With his boyish good looks and youthful demeanor, Chase Compton resembles a thug version of Justin Bieber. While the teen idol’s pop music propelled him to stardom, the Lawrence-based Compton is counting on hip-hop to bring him fame and fortune. Based on the head-turning quality of his free new mixtape “Elevated Preview,” Compton may very well see his dream fulfilled.
Compton, 18, has collaborated with Kansas City rapper Dutch Newman and has served as an opening act for Machine Gun Kelly and XV. His next big show is an opening slot for Asher Roth at the Granada on Nov. 15.
“(D)on’t judge me by my skin,” Compton implores listeners on “Elevated Preview.” Yet it’s almost impossible not to group him with other high-pitched rappers burdened with pigmentation deficiencies. His flow may be patterned on Kanye West, but Compton sounds like a white teen. Compton’s source material betrays a superior taste in music. “Elevated Preview” opens with a sample of Janelle Monae’s “Cold War.” He alludes to Machine Gun Kelly’s “Wild Boy” as he freestyles over Mike Jones’ 2004 hit “Still Tippin’.” “Destiny” uses the XX’s “Angels” as its intoxicating foundation.
The smoky psychedelia of Compton’s “West Side” is an audacious copy of the A$AP Rocky hit “Peso.” Compton raps over Kendrick Lamar’s “The Recipe” on “Recipe 420.” “Reflection 1994” is an imaginative rehash of Drake’s “Over My Dead Body.”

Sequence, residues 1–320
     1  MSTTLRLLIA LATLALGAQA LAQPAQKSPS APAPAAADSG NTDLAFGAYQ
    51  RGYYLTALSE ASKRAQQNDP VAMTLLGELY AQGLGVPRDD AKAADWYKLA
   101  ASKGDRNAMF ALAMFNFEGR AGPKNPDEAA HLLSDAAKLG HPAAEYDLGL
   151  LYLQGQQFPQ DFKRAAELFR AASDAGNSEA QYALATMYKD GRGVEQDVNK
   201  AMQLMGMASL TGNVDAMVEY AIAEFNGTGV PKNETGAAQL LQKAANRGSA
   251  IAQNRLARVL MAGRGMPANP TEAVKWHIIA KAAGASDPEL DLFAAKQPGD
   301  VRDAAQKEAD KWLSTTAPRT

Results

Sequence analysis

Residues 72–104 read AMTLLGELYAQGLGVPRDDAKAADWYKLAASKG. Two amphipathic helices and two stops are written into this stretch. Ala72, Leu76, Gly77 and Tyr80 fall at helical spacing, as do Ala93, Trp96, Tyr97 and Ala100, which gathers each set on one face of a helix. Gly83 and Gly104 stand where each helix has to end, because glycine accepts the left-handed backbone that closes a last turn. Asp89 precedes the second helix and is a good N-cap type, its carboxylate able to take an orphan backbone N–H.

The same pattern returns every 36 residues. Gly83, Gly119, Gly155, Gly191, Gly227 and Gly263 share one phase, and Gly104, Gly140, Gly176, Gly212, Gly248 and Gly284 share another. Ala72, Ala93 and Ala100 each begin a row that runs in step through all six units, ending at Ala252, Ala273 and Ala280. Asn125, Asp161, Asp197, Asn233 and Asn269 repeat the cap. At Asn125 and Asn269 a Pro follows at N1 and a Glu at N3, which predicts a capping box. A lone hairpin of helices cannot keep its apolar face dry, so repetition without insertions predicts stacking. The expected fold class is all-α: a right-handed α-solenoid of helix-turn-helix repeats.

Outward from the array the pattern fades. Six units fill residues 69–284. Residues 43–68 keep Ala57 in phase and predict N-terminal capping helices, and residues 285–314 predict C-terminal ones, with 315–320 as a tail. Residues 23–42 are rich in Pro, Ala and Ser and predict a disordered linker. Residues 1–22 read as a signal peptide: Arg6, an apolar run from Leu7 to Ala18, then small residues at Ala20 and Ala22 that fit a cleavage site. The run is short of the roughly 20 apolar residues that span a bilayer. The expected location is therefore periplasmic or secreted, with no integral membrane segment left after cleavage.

While he claims to be a “lyrical genius,” Compton’s worldview is largely limited to articulating his obsessions with his career. It’s hard to take his raps about paying dues, deferring dreams and cultivating an army of haters seriously. His suggestion that Jay-Z, Kanye West, Eminem, The Game and even the late Notorious B.I.G. and 2Pac have transferred their talents to him is laughable.
A few audaciously awful missteps don’t help his cause. Compton’s most unfortunate line — “she got back like Rosa” — is an unseemly comparison of a woman’s physical attributes to the actions of a leading figure of the civil rights movement. He also conflates his personal career aspirations with Martin Luther King Jr.’s iconic “I Have a Dream” speech.
Explaining that “this is only a preview,” Compton intends to release a modified version of the 33-minute “Elevated Preview” as a commercial release. The mixtape includes an extended monologue from a documentary on Mike Tyson. It’s appropriate he finds inspiration in Tyson’s fiery passion. Compton is a legitimate contender.